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Etching in Sand

Clarion Review (2 Stars)

Good poetry makes readers think beyond the obvious. Each word within a line is a building block in the foundation of one stanza and then another. Like the shaping of a Bonsai tree, poets trim extraneous words and syllables until eventually, if the poet is lucky, a structured poem forms through a symbiotic relationship of rhythm, emotion, thought, imagination, and sometimes rhyme.

The power of a poem is limited by off-kilter rhythm, odd meter, forced rhyme, and the overuse of certain words in a rhyme scheme. Unless the writer has the ability of Ogden Nash, the artistry of Dr. Seuss, or the musical showmanship of rapper Eminem, most rhyming poems sound strained and amateurish, or contain the surface sentiment of a greeting card. Nancy Elizabeth Haddon’s collection of poetry, Etching in Sand, contains many poems that illustrate how exerted and predictable rhyme can kill a poem. Her compilation of more than three hundred poems contains only seven or eight works that show true originality, and two or three that are really good. “The Opening” is a standout piece that describes childbirth without flowery allusions and goes beyond the obvious. She writes:

And then today; the package moved.
Unwrapping itself
Opening itself up and delivering its contents
All grey and strange,
But turning color
Until it became the softest pink.
And then the delivery man reached down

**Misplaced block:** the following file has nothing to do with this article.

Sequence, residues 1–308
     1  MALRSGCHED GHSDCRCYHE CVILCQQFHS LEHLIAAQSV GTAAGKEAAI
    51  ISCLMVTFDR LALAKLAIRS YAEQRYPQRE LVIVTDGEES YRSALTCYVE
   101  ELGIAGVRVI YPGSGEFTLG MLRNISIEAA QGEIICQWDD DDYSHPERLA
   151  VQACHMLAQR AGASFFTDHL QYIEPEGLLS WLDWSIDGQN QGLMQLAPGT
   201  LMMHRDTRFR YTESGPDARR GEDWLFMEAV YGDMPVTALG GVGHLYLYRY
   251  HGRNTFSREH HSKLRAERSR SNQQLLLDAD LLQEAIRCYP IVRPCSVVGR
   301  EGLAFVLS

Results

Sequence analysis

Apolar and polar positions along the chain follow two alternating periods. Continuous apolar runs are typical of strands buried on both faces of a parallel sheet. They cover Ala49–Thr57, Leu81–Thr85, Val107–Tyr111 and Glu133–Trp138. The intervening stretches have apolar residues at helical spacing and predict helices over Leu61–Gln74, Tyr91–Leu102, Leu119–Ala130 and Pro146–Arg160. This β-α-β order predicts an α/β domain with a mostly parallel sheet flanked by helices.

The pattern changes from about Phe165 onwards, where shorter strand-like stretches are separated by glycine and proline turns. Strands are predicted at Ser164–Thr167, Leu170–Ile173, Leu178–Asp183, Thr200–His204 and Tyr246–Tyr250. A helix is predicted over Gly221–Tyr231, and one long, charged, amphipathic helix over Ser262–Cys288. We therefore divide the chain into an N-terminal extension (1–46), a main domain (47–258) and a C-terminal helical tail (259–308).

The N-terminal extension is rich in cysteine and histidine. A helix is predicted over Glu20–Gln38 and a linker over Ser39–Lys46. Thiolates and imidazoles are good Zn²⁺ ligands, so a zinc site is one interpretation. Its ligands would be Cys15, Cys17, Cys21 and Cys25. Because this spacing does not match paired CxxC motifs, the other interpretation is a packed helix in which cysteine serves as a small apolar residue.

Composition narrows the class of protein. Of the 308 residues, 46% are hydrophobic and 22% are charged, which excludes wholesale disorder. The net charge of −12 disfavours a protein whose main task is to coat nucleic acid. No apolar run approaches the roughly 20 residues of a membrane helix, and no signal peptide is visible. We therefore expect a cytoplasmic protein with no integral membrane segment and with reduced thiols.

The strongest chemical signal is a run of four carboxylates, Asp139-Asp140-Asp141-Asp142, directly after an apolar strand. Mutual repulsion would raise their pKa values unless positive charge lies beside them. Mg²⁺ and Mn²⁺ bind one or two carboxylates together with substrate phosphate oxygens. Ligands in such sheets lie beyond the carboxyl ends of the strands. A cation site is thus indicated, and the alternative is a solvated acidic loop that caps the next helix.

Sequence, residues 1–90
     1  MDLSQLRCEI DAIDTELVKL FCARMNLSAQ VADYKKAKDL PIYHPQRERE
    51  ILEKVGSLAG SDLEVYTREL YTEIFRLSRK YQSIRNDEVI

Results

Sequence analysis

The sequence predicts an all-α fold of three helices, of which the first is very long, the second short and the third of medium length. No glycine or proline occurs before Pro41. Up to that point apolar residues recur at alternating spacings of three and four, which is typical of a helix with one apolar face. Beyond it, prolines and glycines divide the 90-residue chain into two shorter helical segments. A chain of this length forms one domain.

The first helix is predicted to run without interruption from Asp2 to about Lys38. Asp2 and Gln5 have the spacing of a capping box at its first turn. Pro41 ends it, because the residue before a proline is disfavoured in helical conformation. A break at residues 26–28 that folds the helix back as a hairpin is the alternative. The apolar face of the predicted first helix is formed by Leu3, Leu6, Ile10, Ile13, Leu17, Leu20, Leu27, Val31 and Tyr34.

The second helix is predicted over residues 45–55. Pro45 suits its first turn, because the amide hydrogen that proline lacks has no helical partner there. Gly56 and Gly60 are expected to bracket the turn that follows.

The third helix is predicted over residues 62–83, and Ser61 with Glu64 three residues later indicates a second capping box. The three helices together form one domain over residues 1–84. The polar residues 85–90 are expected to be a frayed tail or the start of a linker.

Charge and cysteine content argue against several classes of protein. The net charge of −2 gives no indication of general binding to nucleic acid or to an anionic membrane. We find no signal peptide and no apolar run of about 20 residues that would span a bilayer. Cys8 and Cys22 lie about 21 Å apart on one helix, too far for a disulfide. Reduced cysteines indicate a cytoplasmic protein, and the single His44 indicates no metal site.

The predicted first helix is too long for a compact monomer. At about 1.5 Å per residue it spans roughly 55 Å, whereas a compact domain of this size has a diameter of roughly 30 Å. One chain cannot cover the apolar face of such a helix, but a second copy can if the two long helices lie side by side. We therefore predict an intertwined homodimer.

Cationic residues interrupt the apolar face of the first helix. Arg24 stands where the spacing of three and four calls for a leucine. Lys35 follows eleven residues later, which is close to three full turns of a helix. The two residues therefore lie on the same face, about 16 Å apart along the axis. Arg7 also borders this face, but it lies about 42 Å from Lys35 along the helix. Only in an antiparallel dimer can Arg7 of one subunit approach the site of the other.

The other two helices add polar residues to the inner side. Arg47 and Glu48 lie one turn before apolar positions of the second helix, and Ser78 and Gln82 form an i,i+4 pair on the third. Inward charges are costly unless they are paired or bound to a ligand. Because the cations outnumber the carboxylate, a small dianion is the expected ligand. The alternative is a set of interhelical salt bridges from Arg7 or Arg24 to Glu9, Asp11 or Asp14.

And cut the last yellow cord that bound it to its
Package.
And then it cried.
And so did I.

After an offering with such potential, Haddon then gives readers the short poem “Myself”: “I am the rusty remains of things I never knew… / A lost piece of a puzzle that was to [sic] hard to do… / I am too many yesterdays I cannot recall… / A tottering Humpty Dumpty, just waiting for the fall….” Rather than these clichés, readers of poetry want to know about the actual puzzle: is the poet a corner piece that completes the frame? Or an inside piece—the guts? They want to know the height of the potential fall and what it is like to be “a tottering Humpty Dumpty.”

Although the majority of Haddon’s poetry is weak, a handful of poems near the end of the book, like “The Bretton Woods ll” and “Southern Belle” demonstrate some promise for the evolution of her poetry. Etching in Sand is a rough draft from which Haddon should learn and grow to become a stronger and more insightful poet.

Lee Gooden